“These survey findings show that a support network matters,” said Amy Kelly, Program Director for the CCA.
“Roots of Support is a much-needed program that reminds people living with CRC that they do not have to face this disease alone. It also encourages others, whether they are a family member, friend, co-worker or neighbor, to recognize the importance of the unique support they can offer, however big or small.”
Roots of Support in CRC
The Colon Cancer Alliance (CCA) developed the Roots of Support in CRC program to help people living with CRC and their loved ones fight the disease together, through outreach, communication and education. Components of the program include a patient guide titled Cultivating a Network of Support and a guide for loved ones titled Offering Hope and Support. Brochures can be ordered and/or downloaded free of charge by visiting www.ccalliance.org/roots. Roots of Support in CRC is made possible through the generosity of Bristol-Myers Squibb Company and ImClone Systems Incorporated.
About Colorectal Cancer
According to the Colon Cancer Alliance, colorectal cancer includes cancers of the colon, rectum, appendix and anus. When abnormal cell growth occurs, a tumor develops. If the cells of a tumor acquire the ability to invade and thus spread into the intestinal wall and to other sites, a malignant or cancerous tumor develops. Most colorectal cancers develop first as colorectal polyps, which are growths inside the colon or rectum that may later become cancerous.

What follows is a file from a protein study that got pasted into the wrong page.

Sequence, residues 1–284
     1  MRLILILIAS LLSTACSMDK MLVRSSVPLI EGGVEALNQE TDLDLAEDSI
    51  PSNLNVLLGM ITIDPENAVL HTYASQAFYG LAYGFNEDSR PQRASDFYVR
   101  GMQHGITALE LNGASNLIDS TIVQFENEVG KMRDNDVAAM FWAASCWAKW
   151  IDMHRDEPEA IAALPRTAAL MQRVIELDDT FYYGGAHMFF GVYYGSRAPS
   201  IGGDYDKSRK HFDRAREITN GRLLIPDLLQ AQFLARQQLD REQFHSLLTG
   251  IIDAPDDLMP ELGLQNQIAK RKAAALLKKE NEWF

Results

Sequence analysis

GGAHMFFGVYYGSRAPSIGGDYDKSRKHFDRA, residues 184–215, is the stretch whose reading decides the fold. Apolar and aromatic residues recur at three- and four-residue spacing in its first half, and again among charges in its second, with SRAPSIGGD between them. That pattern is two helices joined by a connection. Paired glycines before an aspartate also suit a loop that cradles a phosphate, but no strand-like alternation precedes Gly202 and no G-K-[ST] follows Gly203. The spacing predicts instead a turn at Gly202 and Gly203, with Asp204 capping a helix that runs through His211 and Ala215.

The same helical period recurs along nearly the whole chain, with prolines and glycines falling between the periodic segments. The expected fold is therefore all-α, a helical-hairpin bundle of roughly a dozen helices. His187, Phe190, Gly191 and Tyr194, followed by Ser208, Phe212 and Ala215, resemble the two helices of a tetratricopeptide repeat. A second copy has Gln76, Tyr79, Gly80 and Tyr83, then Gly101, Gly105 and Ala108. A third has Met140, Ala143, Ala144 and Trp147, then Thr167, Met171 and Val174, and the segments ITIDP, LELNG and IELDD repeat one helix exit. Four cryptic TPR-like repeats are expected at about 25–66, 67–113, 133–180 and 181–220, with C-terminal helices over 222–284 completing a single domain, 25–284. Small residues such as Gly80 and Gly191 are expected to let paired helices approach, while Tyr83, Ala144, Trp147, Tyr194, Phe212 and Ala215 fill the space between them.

In 2004, an estimated 146,940 new cases of colorectal cancer will be diagnosed and 56,730 Americans will die from the disease. Colorectal cancer is the second leading cause of cancer deaths among men and women combined, second only to lung cancer.
About the Colon Cancer Alliance
The Colon Cancer Alliance (CCA) is a national patient advocacy organization dedicated to ending the suffering caused by colorectal cancer. The CCA brings the voice of survivors to battle colorectal cancer through patient support, education, research and advocacy. In order to achieve these goals, the CCA hereby declares war on colorectal cancer. Today, CCA has over 9,000 members, including colon and rectal cancer survivors, their families, caregivers, people genetically predisposed to the disease and the medical community.
For more information about the Roots of Support in CRC program, visit http://www.ccalliance.org/roots or call 1-877-422-2030.